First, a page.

It’s interesting too that I’ve discovered over all these years, publishers do not care about your brand. You care about your brand. Publishers do not at all. If you’re naming your book after your brand and you’re going for a traditional publisher, please don’t be attached to it because publishers change titles 98% of the time. I’ll give you an example of my own book. The first book I wrote, my original title was, From Crappy to Happy, A Journey Out of the Pits and Into the Fruit of Life. I thought that’s witty. The publishers took off from it and it became Crappy to Happy. Listen to the change in my subtitle, Small Steps to Big Happiness Now! Why? Their marketing department came up with the title because Small Steps to Big Happiness Now! answered the question in the reader’s mind, what’s in it for me? Somebody walks into a bookstore and they have a gazillion titles in that store. All they see is the spine of your book, what’s on that spine? Because that’s what has to grab them. If you have an outcome driven title that’s going to grab them.
One of the things that I wanted to talk about on here is it’s shifted from the traditional into a little bit more about marketing. You and I discussed platform building on the last one. It’s essential. What can people do that is cost-effective after their books come out? A lot of the traditional publishers do not do the marketing like they used to. What would you recommend for authors? They’re going to sell it to the platform they built, but how do they broaden that audience with the book marketing?
There’s one new program that I’m involved with that I absolutely love. Not only do I love it, but there’s going to be an article in USA Today about it. It is going to be featured in Publishers Weekly. It has been on Forbes.com. It was on the Delta Sky Magazine on the airlines a few months ago. Penguin Random House, Simon & Schuster, HarperCollins, MacMillan, Hachette, Ballantine and many, many other publishers are also using this consistently every single month, but it’s also open to individual authors and to self-published authors. There’s a program called Bedside Reading. It’s at BedsideReading.com. A friend of mine started it. Her name is Jane Ubell-Meyer. We are placing books by the bedsides in five-star luxury hotels and in boutique hotels as complimentary copies for guests to get out word of mouth marketing. The program is hugely successful in terms of creating that accessibility to high-net-worth families, individuals, CEOs, celebrities, the people staying at the Waldorf Astoria, Shutters on the Beach, The Conrad on Wall Street, Acqualina Resort & Spa in Florida and many other boutique hotels and five-star luxury hotels. This is a word of mouth marketing program. That’s working incredibly well. Here’s the distinction I want to make between marketing and sales. For example, in Bedside Reading, we’re right up front. We tell people “We’re not selling your book. This is a complimentary copy to create word of mouth.” That’s what we’re able to deliver. Publishers love this program. That’s why so many people are using them. Nobody else in the entire world that we know of does a similar program.In that first sentence, in that first paragraph, the reader has to be hooked. Click To Tweet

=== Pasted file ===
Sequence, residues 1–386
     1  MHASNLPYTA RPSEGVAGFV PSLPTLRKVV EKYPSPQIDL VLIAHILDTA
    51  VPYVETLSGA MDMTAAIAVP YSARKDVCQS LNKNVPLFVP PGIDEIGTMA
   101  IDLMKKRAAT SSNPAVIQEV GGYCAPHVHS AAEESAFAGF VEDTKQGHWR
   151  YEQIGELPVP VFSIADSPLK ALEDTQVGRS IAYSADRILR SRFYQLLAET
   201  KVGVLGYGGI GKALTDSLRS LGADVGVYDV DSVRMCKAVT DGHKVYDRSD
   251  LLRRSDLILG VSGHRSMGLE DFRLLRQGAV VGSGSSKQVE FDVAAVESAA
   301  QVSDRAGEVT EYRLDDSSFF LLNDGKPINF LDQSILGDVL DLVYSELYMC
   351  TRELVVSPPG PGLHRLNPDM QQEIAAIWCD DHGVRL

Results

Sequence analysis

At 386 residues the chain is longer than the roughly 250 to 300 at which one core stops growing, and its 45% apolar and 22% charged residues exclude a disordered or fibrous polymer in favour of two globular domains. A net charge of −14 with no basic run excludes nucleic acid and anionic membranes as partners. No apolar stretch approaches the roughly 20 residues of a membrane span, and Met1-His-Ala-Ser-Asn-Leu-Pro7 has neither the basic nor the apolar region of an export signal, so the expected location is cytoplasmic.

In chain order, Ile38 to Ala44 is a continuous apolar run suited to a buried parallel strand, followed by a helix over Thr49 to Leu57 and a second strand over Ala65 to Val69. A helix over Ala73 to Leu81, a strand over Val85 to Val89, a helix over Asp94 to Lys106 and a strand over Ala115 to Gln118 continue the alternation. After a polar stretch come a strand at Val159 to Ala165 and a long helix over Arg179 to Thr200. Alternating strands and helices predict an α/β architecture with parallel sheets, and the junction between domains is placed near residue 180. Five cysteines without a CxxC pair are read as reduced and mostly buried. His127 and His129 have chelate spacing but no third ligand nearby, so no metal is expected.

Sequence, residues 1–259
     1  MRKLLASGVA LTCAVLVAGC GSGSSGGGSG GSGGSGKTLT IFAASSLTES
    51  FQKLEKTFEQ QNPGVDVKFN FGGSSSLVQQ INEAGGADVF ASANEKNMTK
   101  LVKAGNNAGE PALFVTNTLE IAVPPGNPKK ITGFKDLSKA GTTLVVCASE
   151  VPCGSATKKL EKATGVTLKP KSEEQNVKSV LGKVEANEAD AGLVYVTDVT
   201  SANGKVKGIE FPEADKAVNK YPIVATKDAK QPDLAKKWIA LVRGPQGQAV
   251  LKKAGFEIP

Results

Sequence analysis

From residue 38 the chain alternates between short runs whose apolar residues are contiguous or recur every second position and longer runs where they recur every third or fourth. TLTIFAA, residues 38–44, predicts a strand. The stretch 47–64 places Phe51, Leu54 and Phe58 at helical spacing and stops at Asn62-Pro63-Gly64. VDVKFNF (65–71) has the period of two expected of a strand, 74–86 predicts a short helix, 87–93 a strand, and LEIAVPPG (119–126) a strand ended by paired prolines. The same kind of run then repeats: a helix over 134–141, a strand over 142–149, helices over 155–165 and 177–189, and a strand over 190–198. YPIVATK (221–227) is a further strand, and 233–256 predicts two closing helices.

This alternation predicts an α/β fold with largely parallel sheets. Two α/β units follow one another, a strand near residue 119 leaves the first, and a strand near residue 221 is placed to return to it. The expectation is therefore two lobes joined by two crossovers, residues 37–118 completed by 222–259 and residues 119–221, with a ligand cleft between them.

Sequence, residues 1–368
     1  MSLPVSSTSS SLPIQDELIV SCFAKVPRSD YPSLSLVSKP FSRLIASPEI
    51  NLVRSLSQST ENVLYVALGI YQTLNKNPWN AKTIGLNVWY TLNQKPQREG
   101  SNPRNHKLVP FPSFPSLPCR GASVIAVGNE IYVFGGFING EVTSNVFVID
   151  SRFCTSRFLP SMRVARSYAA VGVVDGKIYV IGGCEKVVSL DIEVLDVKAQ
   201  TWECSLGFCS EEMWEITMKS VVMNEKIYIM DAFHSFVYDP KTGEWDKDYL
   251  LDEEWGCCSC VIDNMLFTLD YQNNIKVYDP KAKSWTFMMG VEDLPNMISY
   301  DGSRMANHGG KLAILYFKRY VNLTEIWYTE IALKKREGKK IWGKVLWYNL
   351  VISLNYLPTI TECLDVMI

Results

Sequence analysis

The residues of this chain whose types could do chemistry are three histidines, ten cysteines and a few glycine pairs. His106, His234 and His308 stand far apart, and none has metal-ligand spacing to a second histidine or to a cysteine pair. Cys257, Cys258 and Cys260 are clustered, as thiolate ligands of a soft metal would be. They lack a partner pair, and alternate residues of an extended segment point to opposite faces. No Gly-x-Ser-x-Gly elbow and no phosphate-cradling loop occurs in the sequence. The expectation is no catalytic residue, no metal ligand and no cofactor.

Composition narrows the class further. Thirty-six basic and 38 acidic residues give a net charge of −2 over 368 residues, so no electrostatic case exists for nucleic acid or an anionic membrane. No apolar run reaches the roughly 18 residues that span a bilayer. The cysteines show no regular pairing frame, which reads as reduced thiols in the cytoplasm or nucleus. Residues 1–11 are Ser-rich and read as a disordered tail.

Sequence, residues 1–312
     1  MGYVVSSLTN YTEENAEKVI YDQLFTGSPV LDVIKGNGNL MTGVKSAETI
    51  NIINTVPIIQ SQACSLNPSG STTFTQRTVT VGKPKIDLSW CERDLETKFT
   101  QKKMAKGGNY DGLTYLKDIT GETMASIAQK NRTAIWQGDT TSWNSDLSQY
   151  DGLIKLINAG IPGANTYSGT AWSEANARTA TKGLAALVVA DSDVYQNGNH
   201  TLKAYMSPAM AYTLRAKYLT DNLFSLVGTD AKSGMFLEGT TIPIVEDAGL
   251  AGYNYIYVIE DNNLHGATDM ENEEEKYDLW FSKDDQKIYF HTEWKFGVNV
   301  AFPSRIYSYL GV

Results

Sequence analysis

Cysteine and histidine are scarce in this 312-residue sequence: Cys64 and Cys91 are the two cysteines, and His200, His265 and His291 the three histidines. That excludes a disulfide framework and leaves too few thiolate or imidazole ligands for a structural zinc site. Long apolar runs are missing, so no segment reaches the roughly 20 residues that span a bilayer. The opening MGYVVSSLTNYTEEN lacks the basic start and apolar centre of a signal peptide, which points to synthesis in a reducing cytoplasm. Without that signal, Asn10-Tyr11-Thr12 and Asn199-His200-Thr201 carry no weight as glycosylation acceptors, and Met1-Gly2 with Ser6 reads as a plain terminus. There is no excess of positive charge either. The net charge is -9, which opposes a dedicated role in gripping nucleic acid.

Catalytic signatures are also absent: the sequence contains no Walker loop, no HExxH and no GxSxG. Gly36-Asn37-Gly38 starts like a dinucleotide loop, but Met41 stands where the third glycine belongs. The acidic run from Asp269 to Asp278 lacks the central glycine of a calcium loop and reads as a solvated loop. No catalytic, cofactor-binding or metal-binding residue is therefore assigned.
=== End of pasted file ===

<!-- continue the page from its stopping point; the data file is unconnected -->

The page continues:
You and I had some authors earlier that I do want to mention for self-published authors, you have to have a significant amount of sales. The people that we referred over to Randy were people who had made the USA Today bestseller lists.
Truthfully, you don’t have to have a track record of sales for Bedside Reading, but the book has to be appropriate for those kinds of hotels. We vet the book first and then we send it to the hotel. We give them an Amazon link. What they want to see, what we want to see are five-star reviews on Amazon. That’s what we need. The book doesn’t have to have a big track record of sales. These are the criteria. We call it recent and decent. No political, erotica or strongly-opinionated. A lot of the hotels wants fiction. They want high-quality fiction and thrillers. We have some business hotels. We’re booked up through spring of 2019 with our business books. They’re looking more for gift books, children’s books. Some of the hotels love the program so much, they’ve started children’s story hours. All of these hotels promote to their own lists, which is cool. We provide social media images that you can keep blasting out because this is an exclusive program. Books are vetted. People can announce. My book had been accepted into this program. My book is being featured at Shutters on The Beach. There are actual images of it.
There’s a new program for Bedside Reading, we’re taking audiobooks and eBooks. It’s very cool. They got to see a bunch of good reviews and feel like it’s a good fit. Jane pairs the books with particular hotels. She says it’s like pairing a fine wine. She knows who likes what and who’s looking for what. That’s a great program. The other thing I want to recommend to people is I like what I call captive audiences. For example, a bookstore is not so much a captive audience, but where is the real target market for your book? For example, if you’re a mind, body, spirit author or a Christian author, can you get into your church to do a sermon or can you get in front of that particular group? For example, I wrote a book called The Power of Miracle Thinking. I speak for churches and synagogues and all kinds of sermons that I deliver, for all kinds of those organization. I have a group of people in a room that is already going to be there. If you’ve got a business book, get to those local networking and business events as a speaker. You want to be in front of captive audiences for back-of-the-room sales. That’s a good way to do it.